common among your classmates and friends at Duke? A Dukie couple would perhaps
enjoy a stroll down the lanes of Sarah Duke Gardens, followed by a peaceful dinner for two at the Marketplace and even a romantic
movie at the Bryan Center. Although many of you may have already gone on a date
or two while others are hoping to do so in the near future, only few lovers have considered why they feel so attracted to
their dates. In fact, academics are seeking to answer the problem of whether
the feeling of sexual attraction is innate, or is learned instead.
currently a major debate over the question of sexual attraction being innate or learned, and the scientists have split into
two sides; one supports the existence of a set of genes that causes sexual attraction, and the other denies the existence
of such genes. Although neither side has presented any decisive evidence, Dr.
Stefano Ghirlanda at the Zoology Institution of Stockholm University appears to be close to finding an answer in this debate.
research team focused on disproving the popular inheritance theory known as the mate-quality
hypothesis, which supports the existence of genes that arouse feelings of attraction.
There is currently a significant public bias towards the mate-quality hypothesis
due to influence from soap operas, movies, and novels that tie together the themes of love, fate, and destiny. Phrases in these stories such as, “I was born to love you” popularize the mate-quality hypothesis;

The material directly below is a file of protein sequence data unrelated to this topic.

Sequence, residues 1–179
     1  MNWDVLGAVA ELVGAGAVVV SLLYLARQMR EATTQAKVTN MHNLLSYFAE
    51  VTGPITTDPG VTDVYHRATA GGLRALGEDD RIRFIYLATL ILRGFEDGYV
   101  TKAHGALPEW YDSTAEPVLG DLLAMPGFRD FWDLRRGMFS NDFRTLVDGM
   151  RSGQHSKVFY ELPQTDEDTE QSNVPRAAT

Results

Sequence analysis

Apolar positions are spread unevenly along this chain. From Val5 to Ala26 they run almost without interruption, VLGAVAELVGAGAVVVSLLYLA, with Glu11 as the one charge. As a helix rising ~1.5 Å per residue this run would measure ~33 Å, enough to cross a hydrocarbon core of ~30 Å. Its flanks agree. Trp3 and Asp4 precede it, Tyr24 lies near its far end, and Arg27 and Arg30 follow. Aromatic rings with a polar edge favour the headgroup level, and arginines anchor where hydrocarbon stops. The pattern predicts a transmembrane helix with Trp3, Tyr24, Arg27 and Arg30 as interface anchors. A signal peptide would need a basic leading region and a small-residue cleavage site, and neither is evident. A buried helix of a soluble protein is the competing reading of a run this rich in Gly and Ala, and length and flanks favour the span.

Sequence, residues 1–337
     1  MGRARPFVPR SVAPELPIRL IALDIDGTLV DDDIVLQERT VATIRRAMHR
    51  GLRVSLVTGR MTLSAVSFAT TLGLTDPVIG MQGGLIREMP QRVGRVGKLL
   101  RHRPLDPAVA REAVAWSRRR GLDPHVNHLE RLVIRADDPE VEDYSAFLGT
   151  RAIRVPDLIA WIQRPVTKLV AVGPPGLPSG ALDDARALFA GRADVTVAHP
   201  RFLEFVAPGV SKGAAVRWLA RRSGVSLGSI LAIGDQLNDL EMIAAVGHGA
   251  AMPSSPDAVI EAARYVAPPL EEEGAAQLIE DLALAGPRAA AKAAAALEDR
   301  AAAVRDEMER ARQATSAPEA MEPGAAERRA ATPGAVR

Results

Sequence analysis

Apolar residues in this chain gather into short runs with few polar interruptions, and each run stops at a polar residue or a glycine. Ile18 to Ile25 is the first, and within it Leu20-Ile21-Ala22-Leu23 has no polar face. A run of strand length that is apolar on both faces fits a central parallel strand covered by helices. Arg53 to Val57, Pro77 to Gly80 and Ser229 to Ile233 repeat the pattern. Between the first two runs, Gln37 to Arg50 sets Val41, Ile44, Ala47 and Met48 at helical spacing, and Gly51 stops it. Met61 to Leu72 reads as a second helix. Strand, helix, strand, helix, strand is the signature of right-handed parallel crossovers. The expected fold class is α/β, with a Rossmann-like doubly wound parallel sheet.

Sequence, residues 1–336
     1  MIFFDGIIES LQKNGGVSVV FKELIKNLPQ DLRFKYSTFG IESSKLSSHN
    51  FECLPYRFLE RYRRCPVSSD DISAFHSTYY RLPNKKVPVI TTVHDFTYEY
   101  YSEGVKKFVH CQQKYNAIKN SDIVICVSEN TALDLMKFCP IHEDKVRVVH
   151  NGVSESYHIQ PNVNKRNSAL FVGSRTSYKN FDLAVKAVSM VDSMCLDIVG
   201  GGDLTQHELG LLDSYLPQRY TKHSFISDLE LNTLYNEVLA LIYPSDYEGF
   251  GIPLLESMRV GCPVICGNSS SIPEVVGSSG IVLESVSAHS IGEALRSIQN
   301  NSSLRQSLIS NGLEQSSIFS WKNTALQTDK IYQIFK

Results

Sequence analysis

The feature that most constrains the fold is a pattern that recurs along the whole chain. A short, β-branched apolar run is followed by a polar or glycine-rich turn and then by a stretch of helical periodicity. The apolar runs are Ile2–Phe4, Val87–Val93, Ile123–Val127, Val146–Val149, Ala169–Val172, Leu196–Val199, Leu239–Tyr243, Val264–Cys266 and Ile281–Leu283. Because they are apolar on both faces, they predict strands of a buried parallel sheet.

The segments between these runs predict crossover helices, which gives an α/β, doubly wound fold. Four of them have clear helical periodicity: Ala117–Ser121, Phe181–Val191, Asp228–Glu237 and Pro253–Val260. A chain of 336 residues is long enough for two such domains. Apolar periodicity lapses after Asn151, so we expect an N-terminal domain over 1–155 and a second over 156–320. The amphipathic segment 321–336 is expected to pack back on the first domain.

this popularity subsequently leads the public to favor the inheritance model. Dr.
Ghirlanda is thus attempting to break the public’s conception by hypothesizing that the feeling of attraction is instead
learned through one’s lifetime experiences, rather than inherited (Ghirlanda, 2003).
In order to support their hypothesis, Ghirlanda’s team trained chickens to distinguish human faces of the opposite
sex, and made the chickens identify human faces that a polled sample of college students also perceived as attractive. Based on their results, Ghirlanda’s team published the report, “Chickens
prefer beautiful humans”, which argues that chickens’ abilities to also identify attractive human faces would
weaken the mate-quality hypothesis. Furthermore,
the team also noted that their experiment can be refined to eventually solve the debated question. From Ghirlanda’s findings, we find a fallacy in the popular belief of associating destiny or fate
team conducted their chicken experiment as follows: they first noted that the
mate-quality genes in humans are unlikely to exist in chickens because chickens
have a significantly different genetic makeup from humans (U.S. Chicken Genome Proj., 2003). If
chickens of both sexes are able to give a similar trend in the preference of human faces of opposite sex, then the result
strengthens the possibility that attractiveness is more likely to be learned than inherited in the genes. Cocks were trained to peck the screen with a digitally averaged
human female face that was created by merging facial traits such as size and shape of eyebrows, eyes, nose and mouth of thirty-five
females, and hens were trained to peck a digitally averaged male face composed
in a similar fashion. After training the chickens, the team prepared a sample
of seven faces created by morphing the average male and the female faces in different ratios.